Matt Hornbuckle to embark on nationwide tour with Pioneer Drum and Bugle Corps
By Craig Marx, Editor
In a musical organization that lies somewhere between prestige and intrigue, Antigo native Matt Hornbuckle has been presented with the opportunity of a lifetime – performing with the world-class Pioneer Drum and Bugle Corps of Milwaukee on its drum line this coming summer.
The Pioneer Drum and Bugle Corps performs across the nation over the course of a grueling, summer schedule of 21 performances, where venues range from the turf of D.C. Everest High School in Wausau to the Georgia Dome of Atlanta. Hornbuckle, now 18-years old, a recent graduate of Antigo High School and member of the Red Robins Marching Band, has now joined the Corps after music has proven to be a key element of his upbringing.
“I’ve always been involved in music,” Hornbuckle said. “My dad was in a heavy metal band growing up and I started playing music when I was five. I began with the trombone, but my freshman year I was introduced to the drum corps.”
The young percussionist auditioned for Antigo’s drum corps when he was a sophomore and the rest is now history. Joining the ranks of nearly 150 top-level junior musicians and entertainers (including front ensemble, drum corps, and the color guard) at the Pioneer Corps, Hornbuckle is now part of a prestigious and competitive history of musical talent which included a two-year run for current Antigo band director Jeff Dewey. The Pioneer Corps was founded in Milwaukee in 1961 with roots to St. Patrick’s Catholic Parish and has since spawned into a nationally-renowned traveling group that takes its recruitment and admission process to heart.
After opting out of the Shadow Drum and Bugle Corps of Oregon, Wisc. in favor of the Pioneer Corps early last year, Hornbuckle fulfilled the exclusive and demanding admission standards necessary to join the ranks of the Corps after a successful audition.
“They really expect a lot from you. If you make a mistake or they need to correct you, they expect you to learn it for the next rep right away,” Hornbuckle said. “You end the [audition] weekend going in front of the percussion head and he asks you how you did. I said I thought I did okay considering everything they had thrown at us. He told me my attitude and musicianship were really good.”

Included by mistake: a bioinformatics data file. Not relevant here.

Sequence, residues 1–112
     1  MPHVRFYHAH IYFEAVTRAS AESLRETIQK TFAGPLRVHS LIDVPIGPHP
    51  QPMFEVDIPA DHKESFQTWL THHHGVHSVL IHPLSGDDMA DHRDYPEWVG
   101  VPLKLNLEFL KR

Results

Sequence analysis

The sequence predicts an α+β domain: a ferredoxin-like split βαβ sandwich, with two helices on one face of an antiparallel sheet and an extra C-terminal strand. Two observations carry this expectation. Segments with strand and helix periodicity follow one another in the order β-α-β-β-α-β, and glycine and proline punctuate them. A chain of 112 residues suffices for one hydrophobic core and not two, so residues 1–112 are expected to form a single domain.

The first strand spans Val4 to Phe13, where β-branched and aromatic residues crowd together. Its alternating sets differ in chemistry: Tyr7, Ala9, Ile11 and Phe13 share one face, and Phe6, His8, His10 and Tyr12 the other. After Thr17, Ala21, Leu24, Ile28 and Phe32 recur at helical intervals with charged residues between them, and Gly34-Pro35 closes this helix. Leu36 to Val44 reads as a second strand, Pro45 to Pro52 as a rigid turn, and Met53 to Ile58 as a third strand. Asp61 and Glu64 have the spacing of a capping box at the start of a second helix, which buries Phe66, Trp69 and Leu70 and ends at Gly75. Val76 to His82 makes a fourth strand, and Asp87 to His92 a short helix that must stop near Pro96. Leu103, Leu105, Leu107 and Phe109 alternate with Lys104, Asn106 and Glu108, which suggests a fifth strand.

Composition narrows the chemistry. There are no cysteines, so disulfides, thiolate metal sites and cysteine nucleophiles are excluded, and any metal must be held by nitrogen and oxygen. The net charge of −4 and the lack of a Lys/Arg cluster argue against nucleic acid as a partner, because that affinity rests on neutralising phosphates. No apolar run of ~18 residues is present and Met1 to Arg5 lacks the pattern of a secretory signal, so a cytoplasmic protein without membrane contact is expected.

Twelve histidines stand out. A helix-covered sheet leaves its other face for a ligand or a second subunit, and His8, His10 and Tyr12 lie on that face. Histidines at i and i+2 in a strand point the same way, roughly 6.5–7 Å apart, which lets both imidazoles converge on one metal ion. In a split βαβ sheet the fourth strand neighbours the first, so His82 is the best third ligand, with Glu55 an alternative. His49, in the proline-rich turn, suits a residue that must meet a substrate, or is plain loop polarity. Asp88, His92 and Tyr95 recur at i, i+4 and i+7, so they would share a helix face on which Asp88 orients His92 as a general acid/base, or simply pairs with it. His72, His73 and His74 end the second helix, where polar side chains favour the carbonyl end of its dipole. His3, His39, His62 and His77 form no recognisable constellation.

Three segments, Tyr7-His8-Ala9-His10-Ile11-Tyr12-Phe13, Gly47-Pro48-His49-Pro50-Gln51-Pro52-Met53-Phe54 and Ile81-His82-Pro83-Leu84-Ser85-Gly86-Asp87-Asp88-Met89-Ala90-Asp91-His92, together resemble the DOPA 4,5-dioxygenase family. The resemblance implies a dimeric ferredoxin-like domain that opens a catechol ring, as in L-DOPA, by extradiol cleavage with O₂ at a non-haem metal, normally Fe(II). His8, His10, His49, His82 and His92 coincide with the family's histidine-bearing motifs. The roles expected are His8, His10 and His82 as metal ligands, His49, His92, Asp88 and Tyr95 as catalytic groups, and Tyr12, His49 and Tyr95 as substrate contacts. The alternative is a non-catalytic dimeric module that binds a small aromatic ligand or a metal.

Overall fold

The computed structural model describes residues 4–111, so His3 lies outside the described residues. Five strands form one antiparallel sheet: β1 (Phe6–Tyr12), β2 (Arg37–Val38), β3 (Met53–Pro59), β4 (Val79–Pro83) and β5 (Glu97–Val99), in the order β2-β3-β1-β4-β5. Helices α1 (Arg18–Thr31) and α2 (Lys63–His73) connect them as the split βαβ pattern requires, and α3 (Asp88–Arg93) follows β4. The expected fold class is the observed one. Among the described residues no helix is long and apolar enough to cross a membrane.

Hornbuckle’s humble self-evaluation was enough for the Pioneer Corps to offer him a contract for the 2017 season. The Pioneer Corps sticks to its Catholic-Irish roots in its productions, with this season’s show entitled “Irish on Broadway: The Music of Les Miserables.” With the music for the performances written and the musicians themselves now in place, the demanding practice schedule begins this spring.
The Pioneer Corps hosts its camps at “Pioneerland,” an area of practice fields and work space located in the Milwaukee suburb of Cudahy. The Corps meets once a month until the end of May when spring training officially begins and the Corps is brought together in its entirety. For three weeks, the young musicians work on the complete show over 12-hour days before taking to the road in June.
The traveling performance spans the country, including five performances in Wisconsin along with shows in Alabama, Georgia, Maryland, Oklahoma, Pennsylvania, Illinois, Indiana, Ohio, and Minnesota. With 21 total stops on the tour, the travel and extensive performing makes for long yet rewarding days on the road.
“We’ll be sleeping on gym floors and on the bus, but I am really excited just to make so many people’s nights [on tour],” Hornbuckle added. “I’ve developed a lot of friendships, too, especially with my fellow bass drummers.”
The honor of being a member of the Pioneer Corps is not cheap, however. Despite the difficult audition process and subsequent travel, selected musicians are expected to raise $2,900 by June as a member of the Corps. Hornbuckle has established a GoFund Me account to help raise money for his expenses, which are paid in four $725 increments.
The Pioneer Corps’ motto is “Better Every Day,” focusing on aiding these young musicians in using their immense talents to their full potential. The Corps recruits musicians from ages 14 to 21, and Hornbuckle has expressed his intent to try and stay with the group until he “ages out” in three years.
For more information on the Pioneer Corps itself, please visit http://www.pioneer-corps.org/ and https://www.gofundme.com/pioneer-2017 for Matt’s GoFund Me page.